"WE WERE sniffing and drinking champagne, and then this guy starts pissing me off. He…
For four-and-a-half years, author Kathryn Bonella has been running with dangerous company. The former 60 Minutes journalist infiltrated drug circles in Brazil to research her latest book. And she found out that not all traffickers are desperate favela dwellers – quite the opposite.Brazilian drug smuggler Rodrigo Gularte escorted by Indonesian National Drug Bureau officers shortly after he was shown to journalists at an airport, in Tangerang, Banten, Indonesia. (AAP)
In “Operation Playboy”, Bonella reveals that many of Brazil’s top drug kingpins are in fact well-educated, multilingual men from wealthy families with a love of surfing and extreme sports.
Bonella told 9News.com.au that over the course of her research, she came to recognise a common trait: namely, all were adrenaline junkies.
“They live a hedonistic life of glamour, but they’re always walking on a tightrope and can – at any time – fall to great depths,” Bonella says.
“They’re literally playing Russian roulette with a firing squad.”Bali Nine members Myuran Sukumaran and Andrew Chan in a holding cell at Denpasar Court in February 2006. (AAP)
Bonella said many of the playboys themselves started as drug runners to their sustain extreme sports lifestyle, only to instead develop a thrill-seeking addiction to the international drug trade.
“One of them called it ‘better than an orgasm’,” she recalls.
Some eventually go on to build firms running Cocaine-Cassie style operations.
With a single kilo of cocaine raking in an estimated $250,000 in Australia – a drastically higher figure than the Peru street price of $2000 – the temptation is understandable.Chairman of Indonesian National Drug bureau Makbul Padmanegara shows the six kilograms of smuggled heroin. (AAP)
Bonella recounts one instance where a busted mule looked at an high-rise apartment from his cell window and called it – and the “ball-and-chain of 9 to 5” it represented – the real “prison”.
Ironic that this man’s dreams of wealth and freedom – like the dreams of so many mules – ended with imprisonment.
Rodrigo Gularte wasn’t so lucky. The 42-year-old Brazilian was arrested after Bali authorities discovered he was carrying a surfboard loaded with cocaine in August 2004.
Gularte was convicted and eventually executed alongside Bali Nine members Myuran Sukumaran, 34, and Andrew Chan, 31, on April 29, 2015.
The Nine comprised a group of Australians arrested in April 2005 over an attempt to smuggle 8.3kg of heroin out of Indonesia and into Australia.A customs officer inspects surfing boards used by Brazil’s citizen Rodrigo Gularte to smuggle six kilograms of cocaine. (AAP)
Six other members of the group are currently serving life sentences, while another was handed a 20-year sentence.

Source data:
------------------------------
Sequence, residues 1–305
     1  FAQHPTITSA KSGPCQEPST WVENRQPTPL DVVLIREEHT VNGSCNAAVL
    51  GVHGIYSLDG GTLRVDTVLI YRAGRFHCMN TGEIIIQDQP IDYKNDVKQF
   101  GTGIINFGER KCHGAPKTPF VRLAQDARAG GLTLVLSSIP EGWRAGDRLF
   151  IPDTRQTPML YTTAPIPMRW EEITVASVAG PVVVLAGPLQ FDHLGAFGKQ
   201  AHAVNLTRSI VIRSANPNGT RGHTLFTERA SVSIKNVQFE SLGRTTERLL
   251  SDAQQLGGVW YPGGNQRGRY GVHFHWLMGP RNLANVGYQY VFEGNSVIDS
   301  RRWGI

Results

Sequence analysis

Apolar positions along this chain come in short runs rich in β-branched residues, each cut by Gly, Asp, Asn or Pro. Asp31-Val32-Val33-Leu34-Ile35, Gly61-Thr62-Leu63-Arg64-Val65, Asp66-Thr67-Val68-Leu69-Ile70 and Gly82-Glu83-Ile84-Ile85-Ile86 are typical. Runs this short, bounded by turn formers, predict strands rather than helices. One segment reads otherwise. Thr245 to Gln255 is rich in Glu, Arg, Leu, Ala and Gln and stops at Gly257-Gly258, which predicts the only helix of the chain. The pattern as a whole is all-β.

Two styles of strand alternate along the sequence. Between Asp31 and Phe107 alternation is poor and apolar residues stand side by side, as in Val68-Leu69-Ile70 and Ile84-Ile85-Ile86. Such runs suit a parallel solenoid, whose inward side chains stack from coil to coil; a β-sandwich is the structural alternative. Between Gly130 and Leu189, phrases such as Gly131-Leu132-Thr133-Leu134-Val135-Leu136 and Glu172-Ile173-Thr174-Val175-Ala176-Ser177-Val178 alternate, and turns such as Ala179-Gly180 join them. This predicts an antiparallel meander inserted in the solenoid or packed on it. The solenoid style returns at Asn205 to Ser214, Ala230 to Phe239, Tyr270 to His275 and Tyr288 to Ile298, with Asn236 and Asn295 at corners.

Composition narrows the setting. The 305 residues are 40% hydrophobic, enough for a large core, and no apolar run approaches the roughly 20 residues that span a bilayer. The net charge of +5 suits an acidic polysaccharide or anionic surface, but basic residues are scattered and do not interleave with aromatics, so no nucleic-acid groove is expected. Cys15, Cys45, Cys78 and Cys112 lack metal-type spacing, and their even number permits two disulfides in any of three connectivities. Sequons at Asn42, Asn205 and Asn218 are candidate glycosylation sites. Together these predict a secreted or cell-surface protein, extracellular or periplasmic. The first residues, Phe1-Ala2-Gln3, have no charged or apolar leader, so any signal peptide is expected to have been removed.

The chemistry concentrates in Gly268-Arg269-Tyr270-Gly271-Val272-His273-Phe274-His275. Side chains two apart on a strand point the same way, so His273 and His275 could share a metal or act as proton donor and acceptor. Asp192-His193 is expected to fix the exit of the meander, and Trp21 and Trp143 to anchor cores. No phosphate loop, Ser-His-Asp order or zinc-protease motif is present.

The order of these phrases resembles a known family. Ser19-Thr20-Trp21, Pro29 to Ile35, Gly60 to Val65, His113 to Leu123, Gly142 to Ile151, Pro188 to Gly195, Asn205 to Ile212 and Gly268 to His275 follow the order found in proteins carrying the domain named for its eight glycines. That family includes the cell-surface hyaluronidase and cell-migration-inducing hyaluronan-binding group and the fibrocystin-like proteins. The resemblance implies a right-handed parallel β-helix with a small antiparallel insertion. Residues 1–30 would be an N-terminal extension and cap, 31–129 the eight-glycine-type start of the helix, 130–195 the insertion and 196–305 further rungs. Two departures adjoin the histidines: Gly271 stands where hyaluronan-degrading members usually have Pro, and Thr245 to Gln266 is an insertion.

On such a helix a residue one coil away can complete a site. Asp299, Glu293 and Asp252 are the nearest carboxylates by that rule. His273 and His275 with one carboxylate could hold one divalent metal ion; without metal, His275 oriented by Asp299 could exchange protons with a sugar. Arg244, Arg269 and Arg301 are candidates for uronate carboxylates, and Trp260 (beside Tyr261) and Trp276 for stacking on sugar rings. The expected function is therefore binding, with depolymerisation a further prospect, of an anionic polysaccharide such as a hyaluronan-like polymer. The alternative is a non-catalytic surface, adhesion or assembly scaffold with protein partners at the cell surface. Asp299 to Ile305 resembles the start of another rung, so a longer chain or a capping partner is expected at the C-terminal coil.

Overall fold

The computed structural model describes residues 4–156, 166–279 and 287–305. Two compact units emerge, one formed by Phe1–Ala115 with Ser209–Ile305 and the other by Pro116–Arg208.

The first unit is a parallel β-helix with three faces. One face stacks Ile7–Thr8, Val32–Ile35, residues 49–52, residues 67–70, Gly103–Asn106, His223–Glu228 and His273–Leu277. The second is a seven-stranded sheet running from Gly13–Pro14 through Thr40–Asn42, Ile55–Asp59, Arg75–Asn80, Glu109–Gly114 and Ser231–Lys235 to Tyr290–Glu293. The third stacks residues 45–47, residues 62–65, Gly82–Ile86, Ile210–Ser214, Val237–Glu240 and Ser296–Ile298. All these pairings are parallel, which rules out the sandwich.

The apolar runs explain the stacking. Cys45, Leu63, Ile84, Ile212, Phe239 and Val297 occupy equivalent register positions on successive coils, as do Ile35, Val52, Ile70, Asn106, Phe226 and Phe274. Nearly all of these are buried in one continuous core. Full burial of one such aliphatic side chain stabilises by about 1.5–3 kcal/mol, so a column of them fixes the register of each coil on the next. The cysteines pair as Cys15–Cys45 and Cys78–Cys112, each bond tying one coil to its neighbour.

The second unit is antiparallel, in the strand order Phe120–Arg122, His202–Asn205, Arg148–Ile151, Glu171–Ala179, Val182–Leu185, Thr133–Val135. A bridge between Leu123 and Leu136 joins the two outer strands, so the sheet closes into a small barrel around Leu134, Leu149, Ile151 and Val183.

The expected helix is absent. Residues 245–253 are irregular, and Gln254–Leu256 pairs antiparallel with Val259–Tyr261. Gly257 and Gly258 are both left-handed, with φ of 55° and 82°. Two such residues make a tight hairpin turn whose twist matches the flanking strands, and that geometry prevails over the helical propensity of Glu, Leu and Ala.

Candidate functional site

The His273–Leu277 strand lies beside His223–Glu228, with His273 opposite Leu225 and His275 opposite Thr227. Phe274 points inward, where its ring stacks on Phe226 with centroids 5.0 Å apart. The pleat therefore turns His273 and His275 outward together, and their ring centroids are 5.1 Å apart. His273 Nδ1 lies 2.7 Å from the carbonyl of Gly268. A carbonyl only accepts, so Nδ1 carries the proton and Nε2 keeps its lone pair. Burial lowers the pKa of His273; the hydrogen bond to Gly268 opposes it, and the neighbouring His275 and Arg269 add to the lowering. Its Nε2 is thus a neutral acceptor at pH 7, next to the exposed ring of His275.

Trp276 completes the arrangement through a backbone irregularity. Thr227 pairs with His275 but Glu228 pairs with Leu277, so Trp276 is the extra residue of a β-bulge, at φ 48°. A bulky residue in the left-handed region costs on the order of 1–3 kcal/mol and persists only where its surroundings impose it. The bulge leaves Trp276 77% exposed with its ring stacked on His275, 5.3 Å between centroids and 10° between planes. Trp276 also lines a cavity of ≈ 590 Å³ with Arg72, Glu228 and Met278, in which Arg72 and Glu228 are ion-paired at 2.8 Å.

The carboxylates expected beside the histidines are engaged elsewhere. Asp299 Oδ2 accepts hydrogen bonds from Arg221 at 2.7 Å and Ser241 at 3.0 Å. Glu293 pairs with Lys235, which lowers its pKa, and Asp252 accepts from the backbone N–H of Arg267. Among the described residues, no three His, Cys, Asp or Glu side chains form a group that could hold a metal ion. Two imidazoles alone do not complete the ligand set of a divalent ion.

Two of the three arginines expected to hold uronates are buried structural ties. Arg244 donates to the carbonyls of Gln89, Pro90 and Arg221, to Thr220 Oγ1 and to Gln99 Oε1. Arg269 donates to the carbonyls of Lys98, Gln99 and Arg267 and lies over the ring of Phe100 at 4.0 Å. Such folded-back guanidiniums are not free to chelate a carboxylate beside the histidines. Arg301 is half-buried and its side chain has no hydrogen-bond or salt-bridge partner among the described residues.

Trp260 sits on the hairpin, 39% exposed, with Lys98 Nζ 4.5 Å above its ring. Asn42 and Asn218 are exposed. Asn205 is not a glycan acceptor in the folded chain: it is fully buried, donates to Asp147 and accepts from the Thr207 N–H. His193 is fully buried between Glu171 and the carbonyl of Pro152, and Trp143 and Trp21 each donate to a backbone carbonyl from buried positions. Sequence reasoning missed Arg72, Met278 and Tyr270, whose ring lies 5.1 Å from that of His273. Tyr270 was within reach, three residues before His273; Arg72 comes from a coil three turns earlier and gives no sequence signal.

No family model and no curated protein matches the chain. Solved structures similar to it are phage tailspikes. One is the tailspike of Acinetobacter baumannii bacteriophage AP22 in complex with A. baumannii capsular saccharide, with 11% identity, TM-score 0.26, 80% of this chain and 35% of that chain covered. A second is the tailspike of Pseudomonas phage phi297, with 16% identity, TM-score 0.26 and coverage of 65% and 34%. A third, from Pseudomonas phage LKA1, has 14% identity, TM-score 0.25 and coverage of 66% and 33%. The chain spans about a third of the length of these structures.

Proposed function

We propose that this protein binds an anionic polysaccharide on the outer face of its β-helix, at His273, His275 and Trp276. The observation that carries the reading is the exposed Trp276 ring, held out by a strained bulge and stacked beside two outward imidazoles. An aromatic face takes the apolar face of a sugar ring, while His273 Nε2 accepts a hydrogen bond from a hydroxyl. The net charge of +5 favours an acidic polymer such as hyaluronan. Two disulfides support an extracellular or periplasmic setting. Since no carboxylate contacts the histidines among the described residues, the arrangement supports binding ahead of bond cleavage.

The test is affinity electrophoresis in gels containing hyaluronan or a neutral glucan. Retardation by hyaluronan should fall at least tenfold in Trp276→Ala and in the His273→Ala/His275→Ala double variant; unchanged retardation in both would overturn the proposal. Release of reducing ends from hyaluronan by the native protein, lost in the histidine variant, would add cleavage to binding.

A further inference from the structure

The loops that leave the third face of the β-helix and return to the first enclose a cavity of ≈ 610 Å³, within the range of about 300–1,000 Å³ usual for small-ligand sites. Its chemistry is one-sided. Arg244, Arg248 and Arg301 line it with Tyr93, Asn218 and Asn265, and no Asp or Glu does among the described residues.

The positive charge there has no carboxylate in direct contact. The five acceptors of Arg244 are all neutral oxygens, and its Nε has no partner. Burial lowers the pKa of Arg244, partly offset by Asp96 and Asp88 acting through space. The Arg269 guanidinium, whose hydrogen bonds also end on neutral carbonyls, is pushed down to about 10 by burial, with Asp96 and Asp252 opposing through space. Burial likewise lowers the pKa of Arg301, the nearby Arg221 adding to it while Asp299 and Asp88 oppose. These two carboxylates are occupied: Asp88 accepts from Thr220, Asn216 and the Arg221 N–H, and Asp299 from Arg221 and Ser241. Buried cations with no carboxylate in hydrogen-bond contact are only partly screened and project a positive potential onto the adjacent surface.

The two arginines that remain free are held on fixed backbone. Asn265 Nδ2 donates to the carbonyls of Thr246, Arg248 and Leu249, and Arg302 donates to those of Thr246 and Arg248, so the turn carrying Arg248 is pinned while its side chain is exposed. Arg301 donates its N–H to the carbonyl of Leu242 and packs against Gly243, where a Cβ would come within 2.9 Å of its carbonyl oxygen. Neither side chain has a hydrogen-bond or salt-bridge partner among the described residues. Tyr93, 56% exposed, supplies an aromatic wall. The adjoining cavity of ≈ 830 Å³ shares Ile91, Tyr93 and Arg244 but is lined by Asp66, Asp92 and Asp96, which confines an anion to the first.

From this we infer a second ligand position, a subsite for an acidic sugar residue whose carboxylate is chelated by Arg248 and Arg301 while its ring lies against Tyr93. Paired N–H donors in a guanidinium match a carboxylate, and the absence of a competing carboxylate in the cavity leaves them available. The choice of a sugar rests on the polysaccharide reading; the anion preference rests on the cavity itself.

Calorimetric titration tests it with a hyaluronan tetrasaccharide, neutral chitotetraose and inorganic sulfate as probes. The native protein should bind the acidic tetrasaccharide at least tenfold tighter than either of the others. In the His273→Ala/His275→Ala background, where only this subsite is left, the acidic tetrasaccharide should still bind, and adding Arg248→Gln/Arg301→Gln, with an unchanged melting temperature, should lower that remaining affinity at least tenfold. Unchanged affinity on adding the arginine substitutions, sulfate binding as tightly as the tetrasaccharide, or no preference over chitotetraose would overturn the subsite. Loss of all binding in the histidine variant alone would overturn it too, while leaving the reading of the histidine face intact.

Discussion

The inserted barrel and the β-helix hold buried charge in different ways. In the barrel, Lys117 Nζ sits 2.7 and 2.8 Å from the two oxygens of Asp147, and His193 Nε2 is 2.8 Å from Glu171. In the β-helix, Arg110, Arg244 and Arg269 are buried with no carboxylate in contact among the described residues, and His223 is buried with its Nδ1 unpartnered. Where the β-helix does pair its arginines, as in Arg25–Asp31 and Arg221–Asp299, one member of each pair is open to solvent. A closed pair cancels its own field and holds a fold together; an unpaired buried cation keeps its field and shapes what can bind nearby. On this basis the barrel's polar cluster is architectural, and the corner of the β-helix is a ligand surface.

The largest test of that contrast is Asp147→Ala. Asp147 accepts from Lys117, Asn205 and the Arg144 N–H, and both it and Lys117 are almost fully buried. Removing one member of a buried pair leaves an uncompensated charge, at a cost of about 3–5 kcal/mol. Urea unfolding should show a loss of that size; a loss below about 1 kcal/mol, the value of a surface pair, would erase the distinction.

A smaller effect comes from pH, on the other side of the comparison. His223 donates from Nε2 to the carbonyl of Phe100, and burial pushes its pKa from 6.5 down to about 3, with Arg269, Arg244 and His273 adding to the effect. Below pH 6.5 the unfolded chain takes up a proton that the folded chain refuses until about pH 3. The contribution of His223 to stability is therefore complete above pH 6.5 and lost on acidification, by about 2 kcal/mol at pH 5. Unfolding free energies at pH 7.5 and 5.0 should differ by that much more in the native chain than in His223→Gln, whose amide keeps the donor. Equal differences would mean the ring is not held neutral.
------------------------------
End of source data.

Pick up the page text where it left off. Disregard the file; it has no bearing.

A year prior, Gold Coast woman Schapelle Corby was arrested upon arrival in Bali after she was found carrying 4.2kg of cannabis in her body board bag.
Corby was sentenced in May 2005 to 20 years in jail. Her sentence was later commuted and she was deported back to Australia in May 2017.
Bonella co-authored Corby’s story in her 2006 book, My Story: Schapelle Corby.An Indonesian clergyman, nuns and mourners pray in front of Brazilian Rodrigo Gularte’s coffin at Saint Carolus funeral Home in Jakarta, Indonesia. (AAP)
She said Gularte was sent to Bali at the whim of one drug lord – eight days after another friend had been given a death sentence in Indonesia.
It was a decision the man would later come to regret.
“He said to me during an interview, ‘I have blood on my hands’,” Bonella says.
The arrests of Gularte, the Bali Nine and Corby were only possible because of airport police, specially trained to identify traffickers.Australian Schapelle Corby is escorted by Bali Police at the parole office in Denpasar, Bali, Indonesia. (AAP)
Bonella says it’s often the smallest clue that tips officers off, from travellers who look “incongruous” to their luggage, to a single “bead of sweat”.
“The best drug traffickers are the ones who are calm, relaxed, have travelled extensively and are cool in an airport, and ready with a story up their sleeve,” Bonella says.
“The most common one is the one Cocaine Cassie used, which was ‘My family was threatened’ – very, very common excuse.
“Or, ‘Someone gave me the bag, I didn’t know what was in the bag’.”A police officer escorts Australian Cassandra Sainsbury to a court hearing in Bogota, Colombia. (AAP)Kathryn Bonella has covered the international drug trade over three books, in “Operation Playboy”, “Snowing in Bali” and “Hotel Kerobokan“. (Supplied)
Cassie Sainsbury was convicted of cocaine smuggling and accepted a plea deal of six years on November 1. Time served and good behaviour could see her released as early as 2020.
And while she be spending the next few years staring at the walls of a Bogota prison, unlike Gularte, she’ll at least walk away with her life.
© Nine Digital Pty Ltd 2017